Friday, 1 April 2011

Super Cooperators – Martin Nowak & Roger Highfield ***

We’re all used to the Darwinian perspective of nature being about raw competition, fighting tooth and nail for survival – but the reality is much more complex. Specifically, cooperation is a major feature of life, and mathematical biologist Martin Nowak, aided by journalist Roger Highfield, sets out to explain just what is going on.
What is particularly interesting here if you are used to biology being all about field studies of the interaction of lesser spotted mole rats (or whatever), is that Nowak takes a modelling approach, making heavy use of game theory and other mathematical techniques to simulate the nature of cooperation. This really is interesting, though some of the topics covered (like indirect reciprocity and group selection) can leave the reader a little bogged down.
The trouble is, the authors are rather fond of flowery, hand-waving language and make some very broad assertions up front (like cooperation has to be put alongside mutation and selection in evolution) without initially justifying them. I am not saying that they are necessarily wrong in the importance they give to cooperation, but the result comes across as more than a little pompous. To be fair, though, this settles down rather once we’re into the main part of the book.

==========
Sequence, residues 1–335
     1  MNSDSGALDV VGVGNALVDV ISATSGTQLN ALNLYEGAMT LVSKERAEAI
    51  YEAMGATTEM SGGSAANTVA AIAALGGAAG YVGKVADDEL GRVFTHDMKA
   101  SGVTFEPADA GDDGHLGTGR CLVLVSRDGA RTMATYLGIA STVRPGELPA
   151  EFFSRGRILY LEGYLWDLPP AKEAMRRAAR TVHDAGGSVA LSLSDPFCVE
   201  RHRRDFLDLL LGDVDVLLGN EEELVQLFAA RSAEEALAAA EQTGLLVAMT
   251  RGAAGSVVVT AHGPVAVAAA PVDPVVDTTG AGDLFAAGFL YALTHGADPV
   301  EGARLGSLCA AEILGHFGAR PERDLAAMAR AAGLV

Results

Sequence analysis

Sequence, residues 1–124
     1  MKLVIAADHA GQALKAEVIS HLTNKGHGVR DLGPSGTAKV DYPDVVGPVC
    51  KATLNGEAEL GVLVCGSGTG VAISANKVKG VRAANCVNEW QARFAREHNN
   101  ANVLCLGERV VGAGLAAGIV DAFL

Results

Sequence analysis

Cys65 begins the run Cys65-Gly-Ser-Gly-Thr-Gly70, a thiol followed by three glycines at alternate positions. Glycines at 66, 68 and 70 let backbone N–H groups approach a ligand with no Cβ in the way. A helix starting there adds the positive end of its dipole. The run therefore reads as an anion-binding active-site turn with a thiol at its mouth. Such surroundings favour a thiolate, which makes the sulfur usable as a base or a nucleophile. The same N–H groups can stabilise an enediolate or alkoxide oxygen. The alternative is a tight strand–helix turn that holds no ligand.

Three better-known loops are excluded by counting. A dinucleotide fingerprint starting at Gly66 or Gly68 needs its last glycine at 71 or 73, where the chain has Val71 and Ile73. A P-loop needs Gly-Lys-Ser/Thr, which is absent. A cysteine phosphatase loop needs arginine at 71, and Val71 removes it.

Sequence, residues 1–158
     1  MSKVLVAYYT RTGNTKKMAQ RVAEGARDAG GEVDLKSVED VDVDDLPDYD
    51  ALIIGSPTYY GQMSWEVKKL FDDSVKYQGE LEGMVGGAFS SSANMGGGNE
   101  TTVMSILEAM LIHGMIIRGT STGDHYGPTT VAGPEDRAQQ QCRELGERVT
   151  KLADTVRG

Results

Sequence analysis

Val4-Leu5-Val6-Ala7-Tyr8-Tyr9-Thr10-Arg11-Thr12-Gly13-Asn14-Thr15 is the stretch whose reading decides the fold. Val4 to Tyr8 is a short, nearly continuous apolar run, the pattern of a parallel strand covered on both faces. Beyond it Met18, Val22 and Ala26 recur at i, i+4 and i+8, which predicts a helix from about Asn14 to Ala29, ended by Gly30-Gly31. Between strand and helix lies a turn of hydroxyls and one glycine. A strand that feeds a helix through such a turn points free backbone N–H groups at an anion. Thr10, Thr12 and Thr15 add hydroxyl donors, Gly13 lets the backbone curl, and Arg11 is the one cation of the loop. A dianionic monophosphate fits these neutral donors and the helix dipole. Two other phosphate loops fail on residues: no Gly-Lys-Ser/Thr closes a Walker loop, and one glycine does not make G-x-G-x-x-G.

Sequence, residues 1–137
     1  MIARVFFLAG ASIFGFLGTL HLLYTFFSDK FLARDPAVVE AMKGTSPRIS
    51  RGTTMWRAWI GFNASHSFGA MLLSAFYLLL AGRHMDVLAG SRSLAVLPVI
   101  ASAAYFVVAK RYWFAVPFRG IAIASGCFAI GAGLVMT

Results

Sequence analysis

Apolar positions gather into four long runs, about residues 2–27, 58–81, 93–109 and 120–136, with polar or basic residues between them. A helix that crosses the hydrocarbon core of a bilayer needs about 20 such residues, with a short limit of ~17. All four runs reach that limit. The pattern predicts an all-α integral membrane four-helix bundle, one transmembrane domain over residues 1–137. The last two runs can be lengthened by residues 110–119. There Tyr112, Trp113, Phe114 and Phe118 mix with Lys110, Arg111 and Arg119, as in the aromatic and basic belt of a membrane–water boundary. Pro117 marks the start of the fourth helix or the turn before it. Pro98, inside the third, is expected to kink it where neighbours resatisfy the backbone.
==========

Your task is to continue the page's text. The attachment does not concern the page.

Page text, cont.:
The book also falls into something of a trap that emerges when an active scientist co-authors with a journalist. Journalists like human interest, and the result seems to be that the scientist is encouraged to put a lot of themselves into the book. This is all very well when writing about the history of science, when details of Newton’s life, say, help us put his work into context. But when it’s a living author doing this about themselves, the result is to come across – unintentionally I believe – as self-important. Some readers will like this approach, so I can’t say it’s definitely wrong, but I’m afraid it puts my back up.
Overall, then, the result is an interesting concept, with some delightful ideas behind it, that would have made an excellent feature article in New Scientist, but stretched over a book it feels to rather drag. If you are particularly interested in the field, then this is a book you must read, but I’m not sure if it has enough going for it to be a must read for those with a broader interest in science.
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Review by Brian Clegg

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